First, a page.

Making the Play Matter

Last night, six hours into an intense technical run-through for TheatreUSF’s upcoming Our Town, director C. David Frankel told a joke and blew the punch line.

“That’s why I’m a director, not a stand-up comedian,” Frankel said from the darkness offstage.

It was a small event, but it served its purpose.

“It was important to tell a joke because the atmosphere needed lightening,” Frankel later admitted.

The cast and crew have been rehearsing for about three weeks in preparation for Wednesday night’s opening of the Pulitzer-Prize-winning Thornton Wilder play. Sunday was their longest rehearsal yet, and everyone skipped dinner to complete the rehearsal an hour ahead of the scheduled time, so Frankel’s small gesture was a needed break from the work.

And in a play that has been described by its author as an “attempt to find value above all price for the smallest events in our daily lives,” Frankel’s joke served as a clear manifestation of Wilder’s vision.

The play quite nearly leads its audience by the hand through roughly 16 years in Grover’s Corners, New Hampshire, making use of a stage manager who not only narrates to the audience but directs the characters and participates in the drama, as well.

Karla Hartley, a guest artist who is playing the stage manager, said the character serves as a type of modern Greek chorus.

“The stage director is the conscience of the play,” Hartley said. “She touches on how to get where we all want to be.”

The stage manager also introduces the audience to the two main characters in the action, George and Emily.

Tiffany Toro plays Emily, a young girl who falls in love with George, the boy who lives next door.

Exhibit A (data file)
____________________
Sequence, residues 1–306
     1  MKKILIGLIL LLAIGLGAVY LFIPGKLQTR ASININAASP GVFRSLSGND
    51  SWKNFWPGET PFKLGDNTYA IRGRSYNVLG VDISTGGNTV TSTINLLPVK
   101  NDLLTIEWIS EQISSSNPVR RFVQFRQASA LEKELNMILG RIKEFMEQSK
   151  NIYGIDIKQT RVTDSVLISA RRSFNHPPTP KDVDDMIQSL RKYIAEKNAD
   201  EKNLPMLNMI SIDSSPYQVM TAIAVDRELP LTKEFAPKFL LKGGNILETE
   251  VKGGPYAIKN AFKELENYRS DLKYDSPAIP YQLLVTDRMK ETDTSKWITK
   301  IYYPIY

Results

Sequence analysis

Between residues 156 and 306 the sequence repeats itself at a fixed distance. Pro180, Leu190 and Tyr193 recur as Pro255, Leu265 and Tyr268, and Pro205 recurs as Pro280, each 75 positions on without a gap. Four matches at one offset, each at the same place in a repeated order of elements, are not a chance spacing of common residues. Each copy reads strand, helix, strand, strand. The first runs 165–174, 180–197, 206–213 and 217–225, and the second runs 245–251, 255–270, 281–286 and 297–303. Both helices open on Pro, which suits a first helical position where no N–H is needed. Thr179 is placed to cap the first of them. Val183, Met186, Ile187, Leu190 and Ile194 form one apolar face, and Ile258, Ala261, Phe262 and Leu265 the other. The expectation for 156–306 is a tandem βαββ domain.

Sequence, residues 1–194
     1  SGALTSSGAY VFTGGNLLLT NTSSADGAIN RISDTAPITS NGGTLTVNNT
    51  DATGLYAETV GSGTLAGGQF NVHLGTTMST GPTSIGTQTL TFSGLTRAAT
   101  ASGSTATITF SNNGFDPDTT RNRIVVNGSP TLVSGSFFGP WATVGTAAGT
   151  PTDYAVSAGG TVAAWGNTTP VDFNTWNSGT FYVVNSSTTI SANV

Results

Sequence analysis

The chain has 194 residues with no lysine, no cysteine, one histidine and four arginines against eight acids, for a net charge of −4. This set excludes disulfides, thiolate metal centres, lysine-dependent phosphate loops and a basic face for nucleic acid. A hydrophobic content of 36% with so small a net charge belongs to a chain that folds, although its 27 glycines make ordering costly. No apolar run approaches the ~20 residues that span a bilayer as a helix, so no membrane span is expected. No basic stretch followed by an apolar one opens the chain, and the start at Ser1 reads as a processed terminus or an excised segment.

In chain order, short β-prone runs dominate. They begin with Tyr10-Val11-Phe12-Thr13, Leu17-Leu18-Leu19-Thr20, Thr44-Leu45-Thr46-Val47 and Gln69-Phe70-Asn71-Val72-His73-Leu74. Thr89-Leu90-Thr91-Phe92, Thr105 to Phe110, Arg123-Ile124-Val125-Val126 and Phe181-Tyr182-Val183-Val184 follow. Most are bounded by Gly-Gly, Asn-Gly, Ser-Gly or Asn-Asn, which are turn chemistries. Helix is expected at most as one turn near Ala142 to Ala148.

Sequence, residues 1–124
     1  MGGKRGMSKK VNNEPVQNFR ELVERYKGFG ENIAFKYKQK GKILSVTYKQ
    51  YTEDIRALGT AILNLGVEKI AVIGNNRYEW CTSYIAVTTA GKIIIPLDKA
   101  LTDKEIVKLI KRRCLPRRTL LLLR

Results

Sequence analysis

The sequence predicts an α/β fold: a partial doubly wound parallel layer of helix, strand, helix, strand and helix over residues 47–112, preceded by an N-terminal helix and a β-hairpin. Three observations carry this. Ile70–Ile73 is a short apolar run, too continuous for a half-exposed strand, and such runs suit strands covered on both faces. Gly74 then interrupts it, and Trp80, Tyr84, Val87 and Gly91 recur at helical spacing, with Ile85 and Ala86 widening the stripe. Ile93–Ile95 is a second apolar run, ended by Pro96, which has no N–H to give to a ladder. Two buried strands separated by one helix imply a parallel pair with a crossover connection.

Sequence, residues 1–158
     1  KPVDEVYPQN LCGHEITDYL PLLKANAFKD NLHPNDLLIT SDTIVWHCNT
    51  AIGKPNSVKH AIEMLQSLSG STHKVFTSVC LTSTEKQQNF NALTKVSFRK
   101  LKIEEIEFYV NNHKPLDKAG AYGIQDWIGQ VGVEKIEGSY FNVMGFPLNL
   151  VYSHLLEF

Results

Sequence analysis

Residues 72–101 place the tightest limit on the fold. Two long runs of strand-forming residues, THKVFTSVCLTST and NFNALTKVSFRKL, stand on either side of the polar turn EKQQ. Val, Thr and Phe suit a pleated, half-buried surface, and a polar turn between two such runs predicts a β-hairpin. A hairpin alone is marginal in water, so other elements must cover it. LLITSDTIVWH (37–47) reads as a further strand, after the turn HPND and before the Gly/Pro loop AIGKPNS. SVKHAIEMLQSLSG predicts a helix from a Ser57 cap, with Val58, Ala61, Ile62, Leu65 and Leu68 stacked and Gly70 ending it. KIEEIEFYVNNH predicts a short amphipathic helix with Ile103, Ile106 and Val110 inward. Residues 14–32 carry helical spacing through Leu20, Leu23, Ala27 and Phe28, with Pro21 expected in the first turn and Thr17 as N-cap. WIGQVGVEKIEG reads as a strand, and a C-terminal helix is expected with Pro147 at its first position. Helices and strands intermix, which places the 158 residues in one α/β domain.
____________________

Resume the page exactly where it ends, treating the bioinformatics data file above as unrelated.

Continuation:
Emily also serves as the dramatic mouthpiece for the play’s moral as she asks the stage manager in Act Three, “Does anyone realize life – while they live it?”

According to Toro, the seemingly naïve Emily not only brings moral magnitude to the tale, but emotional depth, as well.

“[Emily] is really open about what she feels,” said Toro.

George is played by Damian Ladd. According to Ladd, George serves as an example of how the characters in the play don’t take enough time to realize the ordinary things that go on every day.

“In Act Three, the message really hits home,” said Ladd. He added that Act One serves as an introduction to the story, Act Two deals with the marriage of George and Emily, and Act Three offers the moral.

According to Trey Edge, who plays George’s father in Our Town, that moral is to experience life to the fullest.

“It gives you a good moral lesson to experience what you can while you can,” said Edge.

And on the set of Our Town, the moral rings true both onstage and off with the way Frankel directs his players.

“He tries to foster a fun environment,” said Hartley. “And, especially on a day like today, it’s important to keep a light mood.”

Eric Nance, who plays Emily’s brother in the play, added that Frankel had a better overall view of the production at the outset than other directors he’d worked with, and Frankel also offered balanced direction to the cast. “David makes it fun for us, but he’s serious about getting it right,” Nance said.

Edge agreed. “He’s a good director and he knows what he wants,” Edge said.

After all of the actors had left Sunday night, Frankel stuck around and discussed his approach to rehearsal.

“I try to keep the students focused,” he said. “I like to keep things moving and keep things light, but also tell them when it’s gone too far.”

Telling the joke came under the first two goals.